Chestnut Girl

28. April 2019 at 18:49 (flash fiction, Posts in English)

In March, I attended one of Vienna Storytelling Collective’s open mic nights. The host encouraged us to produce some microfiction (50 words max.) or „a story in a tweet“ on the theme of „When I was young“. And of course I couldn’t resist to share a memory… (I was too young to remember, but my mum told the story to me a few times and well, it sounds very much like me 😉 )

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As a child, I once lost a chestnut in a bus accident. The one who had the accident was the chestnut, not me.
Still, I cried. But the man next to me didn’t understand my sorrow.
I guess he had never lost a beautiful chestnut before.

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A prize-winning story

22. April 2019 at 18:35 (flash fiction, Posts in English) (, , , , , , )

Last Monday, I got an e-mail with some very exciting news: For the first time ever, one of my stories had won a prize! Throughout my writing career, I have taken part in many competitions, with the unwavering hope of being picked and a judge falling in love with my story… And now my dream has finally come true, in Write NOW’s monthly Postcard Story Contest, as you can read here.

And here’s the story:

Metamorphosis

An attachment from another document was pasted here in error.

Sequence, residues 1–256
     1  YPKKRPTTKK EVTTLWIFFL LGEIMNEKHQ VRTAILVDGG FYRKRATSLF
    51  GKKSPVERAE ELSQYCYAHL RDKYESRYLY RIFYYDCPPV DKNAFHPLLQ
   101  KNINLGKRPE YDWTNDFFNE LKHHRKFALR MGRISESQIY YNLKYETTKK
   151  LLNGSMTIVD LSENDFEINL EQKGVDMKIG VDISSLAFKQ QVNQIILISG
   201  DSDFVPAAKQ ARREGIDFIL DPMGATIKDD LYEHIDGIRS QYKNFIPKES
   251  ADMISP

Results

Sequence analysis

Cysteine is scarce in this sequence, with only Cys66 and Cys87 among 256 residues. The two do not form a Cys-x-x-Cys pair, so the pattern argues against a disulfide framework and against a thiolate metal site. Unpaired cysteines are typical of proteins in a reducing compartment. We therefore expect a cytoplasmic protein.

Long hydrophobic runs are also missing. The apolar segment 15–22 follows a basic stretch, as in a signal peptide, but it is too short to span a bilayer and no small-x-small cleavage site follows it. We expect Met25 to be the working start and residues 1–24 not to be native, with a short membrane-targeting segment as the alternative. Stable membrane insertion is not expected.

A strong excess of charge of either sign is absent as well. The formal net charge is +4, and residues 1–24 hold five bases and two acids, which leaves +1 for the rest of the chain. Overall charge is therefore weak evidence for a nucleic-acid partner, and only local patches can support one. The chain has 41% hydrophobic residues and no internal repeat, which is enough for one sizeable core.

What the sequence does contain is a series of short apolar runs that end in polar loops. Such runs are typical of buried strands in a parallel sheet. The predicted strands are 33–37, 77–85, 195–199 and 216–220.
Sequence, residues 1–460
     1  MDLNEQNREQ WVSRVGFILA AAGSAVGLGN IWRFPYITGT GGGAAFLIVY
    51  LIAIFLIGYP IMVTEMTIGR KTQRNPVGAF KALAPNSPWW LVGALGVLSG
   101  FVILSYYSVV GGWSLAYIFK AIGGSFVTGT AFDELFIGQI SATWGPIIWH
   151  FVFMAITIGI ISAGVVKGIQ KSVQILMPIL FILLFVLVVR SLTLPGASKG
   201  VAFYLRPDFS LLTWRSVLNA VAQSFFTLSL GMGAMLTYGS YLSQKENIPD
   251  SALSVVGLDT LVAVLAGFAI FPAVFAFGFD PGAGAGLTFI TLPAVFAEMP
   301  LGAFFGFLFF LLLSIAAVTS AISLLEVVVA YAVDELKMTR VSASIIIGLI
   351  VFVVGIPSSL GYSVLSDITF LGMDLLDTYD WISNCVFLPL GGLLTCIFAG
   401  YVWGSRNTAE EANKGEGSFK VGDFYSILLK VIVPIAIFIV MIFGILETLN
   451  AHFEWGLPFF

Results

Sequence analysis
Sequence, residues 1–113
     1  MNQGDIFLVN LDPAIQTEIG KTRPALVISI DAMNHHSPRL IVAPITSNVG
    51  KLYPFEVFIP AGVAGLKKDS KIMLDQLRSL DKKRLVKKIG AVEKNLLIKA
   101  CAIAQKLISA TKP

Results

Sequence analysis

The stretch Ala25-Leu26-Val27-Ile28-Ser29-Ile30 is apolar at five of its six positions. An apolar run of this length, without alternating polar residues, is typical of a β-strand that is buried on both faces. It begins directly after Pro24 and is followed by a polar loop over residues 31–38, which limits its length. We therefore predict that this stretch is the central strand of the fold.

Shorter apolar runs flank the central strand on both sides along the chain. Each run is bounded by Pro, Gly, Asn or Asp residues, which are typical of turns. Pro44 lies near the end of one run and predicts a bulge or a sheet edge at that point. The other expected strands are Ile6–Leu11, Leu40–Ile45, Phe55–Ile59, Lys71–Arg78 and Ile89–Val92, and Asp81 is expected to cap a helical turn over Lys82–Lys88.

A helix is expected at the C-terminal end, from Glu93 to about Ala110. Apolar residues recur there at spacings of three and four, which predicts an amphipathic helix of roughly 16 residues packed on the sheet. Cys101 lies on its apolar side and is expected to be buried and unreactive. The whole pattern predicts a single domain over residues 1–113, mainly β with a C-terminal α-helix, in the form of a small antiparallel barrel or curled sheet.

The last strand of blond hair fell to the ground. Hannah dragged Emma’s chair around, huffing. She lifted the blindfold.

“How d’you like it, Em?” Hannah’s voice quavered as she met Emma’s gaze in the mirror which also reflected the faces of the onlookers at the back of the room. The girls started to snicker as Emma combed the remnants of her hair with her fingers in disbelief, blinking the tears away.

“I thought you were my friend,” she hissed, getting up to face Hannah. She was almost a foot taller than her hairdresser.

“Relax, Em, it’s just a game.” Hannah held up her hands in defence. “They’ll grow back,” she said and looked at the audience for reassurance. They stayed mute, but their grins spoke volumes.

“Just a game, yes?” Emma grabbed the scissors. “Well, then it’s my turn to play now.”

Hannah shrieked when Emma’s hands closed around her ponytail and the taller girl pushed her up against the mirror. Emma yanked Hannah’s head to the side. Pinning it against the cold glass with one hand, she cut the hair right beneath the pink ribbon with the other. Hannah wailed.

It was only when Emma felt the softness of the brown locks gliding through her fingers that she realised she was no better than her own bullies now.

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